With a weak currency and a high inflation, Nigerians adopt bitcoin and government declares war
While the government of Nigeria has been considering Bitcoin a plague for the national economy, for many Nigerians it is a form of protection. In early February, the country’s Central Bank determined that the country’s banks and financial institutions should identify and close the accounts of customers who trade in cryptocurrencies.
The measure resulted in the closure of local and international brokers, such as Binance, as they were left without access to banks. In addition, it is an attempt to prevent popular access to digital assets at a time of economic crisis in which the local currency, Naira, has been losing value. In practice, however, it is not so easy to make the decision work.
“Screw the Central Bank of Nigeria and the government. We will continue to buy and trade bitcoin and altcoins in the same way through P2P, ”blockchain entrepreneur and architect Charles Okaformbah told the Bitcoin Portal during a video call.
In P2P trades, a person transfers cryptocurrencies directly to another without the intermediation of an exchange.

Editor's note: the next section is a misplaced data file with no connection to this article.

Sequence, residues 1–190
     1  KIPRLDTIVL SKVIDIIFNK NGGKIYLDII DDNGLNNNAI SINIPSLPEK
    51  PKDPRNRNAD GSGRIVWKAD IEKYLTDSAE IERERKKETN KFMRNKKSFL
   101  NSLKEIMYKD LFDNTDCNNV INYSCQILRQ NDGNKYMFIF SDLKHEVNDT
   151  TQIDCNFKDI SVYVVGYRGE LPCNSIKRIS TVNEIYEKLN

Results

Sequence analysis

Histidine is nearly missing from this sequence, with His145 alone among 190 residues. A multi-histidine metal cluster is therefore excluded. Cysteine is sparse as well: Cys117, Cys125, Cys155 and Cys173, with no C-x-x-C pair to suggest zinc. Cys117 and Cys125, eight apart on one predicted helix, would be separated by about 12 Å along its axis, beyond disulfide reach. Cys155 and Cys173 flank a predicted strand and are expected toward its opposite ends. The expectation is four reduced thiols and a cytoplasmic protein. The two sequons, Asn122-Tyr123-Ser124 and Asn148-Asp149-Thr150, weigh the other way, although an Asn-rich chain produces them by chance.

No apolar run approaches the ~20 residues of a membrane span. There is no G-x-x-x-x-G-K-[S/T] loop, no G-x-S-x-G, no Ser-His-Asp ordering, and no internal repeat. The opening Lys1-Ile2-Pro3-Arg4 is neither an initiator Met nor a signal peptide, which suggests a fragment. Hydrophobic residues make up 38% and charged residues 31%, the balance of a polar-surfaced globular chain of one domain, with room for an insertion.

Okaformbah, who lives in Lagos (Nigeria’s largest city) and has been working with distributed registration technologies since 2017, said Nigerians do not need brokers or companies. “We always find a way to buy and sell”.
The P2P scenario portrayed by the businessman – which was the one dreamed up by Satoshi Nakamoto when creating the Bitcoin network – can be seen in the numbers. According to data from the P2P Paxful and LocalBitcoin exchanges, compiled by Usefultulips, Nigeria is the third country in the world in terms of volume of negotiations between people, behind the United States and Russia.
In 2020, according to the tool, Nigerians traded $ 347 million in cryptocurrencies on the platforms, an increase of 20% over the previous year. In the USA, investors moved US $ 1.2 billion last year, while in Russia the total was around US $ 416 million.
At Paxful alone, according to data sent to the Bitcoin Portal, there are about 1 million Nigerians registered with the company, which represents one fifth of the total number of customers.
In addition to being on the agenda at the Central Bank of Nigeria, the discussion on cryptocurrencies also reached the country’s Senate earlier this month. Senator Sani Musa said that bitcoin is strong and made Naira “almost worthless or worthless”.